I’ve just finished reading Michael Smith’s The Moral Problem, and I have an issue with his account of the fully rational agent (pp. 155-161). He borrows, and then amends, Bernard Williams’s account. On this account, the fully rational agent must meet the following three conditions:
(i) No false beliefs
(ii) All relevant true beliefs
(iii) Deliberate correctly
Smith takes some time to spell out what he has in mind by (iii). But I want to take issue with (i) and (ii). My question is simple: why think that rationality – even full rationality – requires omniscience, or even omniscience about the relevant matters? Some prima facie evidence against this account would be a case like the following:
Misleading evidence. Phife Dawg is supposed to meet Q-Tip at the studio at 10:00 to record a new album. Q-Tip never misses a recording session, and is always on time. As Phife steps into the elevator up to the studio at 10:05, Jarobi, who never lies, steps out and tells him that Q-Tip is upstairs waiting for him. When Phife gets to the door of the studio, he hears the distinctive beep of Q-Tip’s Skypager, which Q-Tip never lets out of his sight. This is all of the relevant evidence that Phife has, or could be expected to have. Phife then finally forms the belief that Q-Tip is in the studio. But as it turns out, all of this evidence is misleading. Q-Tip is not in the studio; he’s at home asleep.
So Phife has a false belief. Thus, by the account of full rationality – in particular, condition (i) – Phife is not fully rational, because he has a false belief. Though we might agree that Phife is not fully rational for some reason, I think it is implausible to think that he is less than fully rational in virtue of his false belief. In fact, forming this false belief seems to be the most rational belief Phife could form, given his evidence. So (i) is implausible. Rationality does not require one to have only true beliefs.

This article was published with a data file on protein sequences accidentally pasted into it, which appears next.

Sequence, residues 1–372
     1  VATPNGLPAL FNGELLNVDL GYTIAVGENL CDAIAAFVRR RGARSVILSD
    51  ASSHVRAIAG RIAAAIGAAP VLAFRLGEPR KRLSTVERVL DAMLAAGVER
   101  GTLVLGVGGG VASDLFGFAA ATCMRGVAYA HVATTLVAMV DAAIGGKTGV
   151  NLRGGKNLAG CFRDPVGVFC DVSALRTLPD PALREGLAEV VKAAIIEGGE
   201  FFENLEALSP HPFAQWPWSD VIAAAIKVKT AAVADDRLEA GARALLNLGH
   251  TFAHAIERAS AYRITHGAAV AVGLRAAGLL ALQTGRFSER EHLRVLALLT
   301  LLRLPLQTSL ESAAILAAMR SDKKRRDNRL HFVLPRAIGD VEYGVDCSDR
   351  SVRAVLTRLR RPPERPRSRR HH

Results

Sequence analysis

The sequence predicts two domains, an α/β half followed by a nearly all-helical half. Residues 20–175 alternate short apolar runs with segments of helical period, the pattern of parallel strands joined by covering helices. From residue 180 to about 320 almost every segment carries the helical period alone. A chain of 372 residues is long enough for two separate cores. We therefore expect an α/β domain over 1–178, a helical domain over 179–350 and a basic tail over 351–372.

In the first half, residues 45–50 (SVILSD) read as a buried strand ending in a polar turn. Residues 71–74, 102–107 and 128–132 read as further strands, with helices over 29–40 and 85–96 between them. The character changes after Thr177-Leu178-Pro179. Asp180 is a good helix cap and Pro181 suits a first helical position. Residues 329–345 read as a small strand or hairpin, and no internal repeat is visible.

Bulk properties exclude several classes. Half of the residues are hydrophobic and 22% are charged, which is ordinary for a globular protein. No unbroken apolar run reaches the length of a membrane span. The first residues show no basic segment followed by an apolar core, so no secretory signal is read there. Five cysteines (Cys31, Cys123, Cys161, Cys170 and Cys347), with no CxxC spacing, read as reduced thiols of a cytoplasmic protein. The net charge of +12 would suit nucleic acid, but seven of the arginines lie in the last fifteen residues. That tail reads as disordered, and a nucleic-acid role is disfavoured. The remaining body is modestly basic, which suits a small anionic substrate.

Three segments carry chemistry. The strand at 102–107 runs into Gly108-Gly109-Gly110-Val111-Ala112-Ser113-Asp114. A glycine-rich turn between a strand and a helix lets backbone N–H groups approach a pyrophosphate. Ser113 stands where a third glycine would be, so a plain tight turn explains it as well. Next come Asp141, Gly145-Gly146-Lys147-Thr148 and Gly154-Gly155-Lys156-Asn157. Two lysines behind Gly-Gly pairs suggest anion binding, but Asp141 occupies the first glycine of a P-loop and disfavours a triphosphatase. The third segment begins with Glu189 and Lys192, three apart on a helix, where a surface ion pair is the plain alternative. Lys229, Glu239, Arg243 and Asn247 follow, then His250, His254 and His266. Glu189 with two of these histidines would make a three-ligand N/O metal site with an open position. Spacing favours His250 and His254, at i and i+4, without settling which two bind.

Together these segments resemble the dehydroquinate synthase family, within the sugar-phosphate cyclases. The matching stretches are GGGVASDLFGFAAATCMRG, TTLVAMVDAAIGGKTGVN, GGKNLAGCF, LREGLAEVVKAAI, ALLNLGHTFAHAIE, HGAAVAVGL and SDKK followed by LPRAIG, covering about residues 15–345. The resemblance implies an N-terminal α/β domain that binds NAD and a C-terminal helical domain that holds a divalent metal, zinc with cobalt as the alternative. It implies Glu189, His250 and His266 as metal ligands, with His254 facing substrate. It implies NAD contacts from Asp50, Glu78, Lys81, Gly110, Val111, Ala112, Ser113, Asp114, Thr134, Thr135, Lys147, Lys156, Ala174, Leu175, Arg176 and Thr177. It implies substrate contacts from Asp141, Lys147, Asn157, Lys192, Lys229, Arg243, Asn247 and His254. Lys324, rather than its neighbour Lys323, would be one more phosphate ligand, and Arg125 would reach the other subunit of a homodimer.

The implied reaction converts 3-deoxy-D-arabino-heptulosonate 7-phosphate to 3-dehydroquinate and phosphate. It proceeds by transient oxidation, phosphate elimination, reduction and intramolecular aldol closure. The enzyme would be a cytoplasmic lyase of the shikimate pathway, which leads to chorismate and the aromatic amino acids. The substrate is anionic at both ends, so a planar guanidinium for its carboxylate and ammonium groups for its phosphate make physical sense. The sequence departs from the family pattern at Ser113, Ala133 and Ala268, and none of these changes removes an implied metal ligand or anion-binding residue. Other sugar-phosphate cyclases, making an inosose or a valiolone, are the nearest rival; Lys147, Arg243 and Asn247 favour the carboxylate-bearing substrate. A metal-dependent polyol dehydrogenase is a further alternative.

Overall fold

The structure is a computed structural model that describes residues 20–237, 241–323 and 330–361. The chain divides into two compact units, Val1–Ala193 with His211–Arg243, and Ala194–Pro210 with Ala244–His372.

If Q-Tip is in the studio, then Phife should go in to record. If Q-Tip is not in the studio, then Phife should go look for him. So the belief Phife forms about Q-Tip’s location is practically relevant. So Phife lacks a relevant true belief – the belief that Q-Tip is not in the studio. Thus, by (ii), Phife is not fully rational. Though we might agree that Phife is not fully rational for some reason, I think it is implausible to think that he is less than fully rational in virtue of his lack of a relevant true belief. In fact, forming the belief that Q-Tip is not in the studio would seem to be irrational, given Phife’s evidence. So (ii) is implausible. Rationality does not require omniscience, even about relevant matters.
These problems might not seem terribly important, but I think that they actually cause a bigger problem for Smith’s analysis of normative reasons. That analysis is the following:
Reason: S has a normative reason to A in circumstances C iff S’s fully rational self would desire that S A in C.
Smith wants to use (i) and (ii) to block reason-ascriptions in cases like Williams’s gin/gasoline case. In this case, S has a glass in front of him which he believes (for good reason) to contain gin. But in fact, it contains gasoline. So, Smith wants to say (I think), S has no normative reason to drink the stuff in the glass. This is supposed to be the result delivered by the analysis, since S’s fully rational self would not desire that S drink the stuff in the glass, since he would know that it contained gasoline instead of gin (by (i) and (ii)). But if I’m right that (i) and (ii) are implausible, then Reason will not obviously deliver the verdict that Smith wants in this case. (Note: I disagree with Smith that S has no normative reason to drink what’s in the glass, but that’s another issue.)
Disclaimer: I haven’t done a literature search, so I don’t know if I’m the first person to bring any of this up (I doubt it).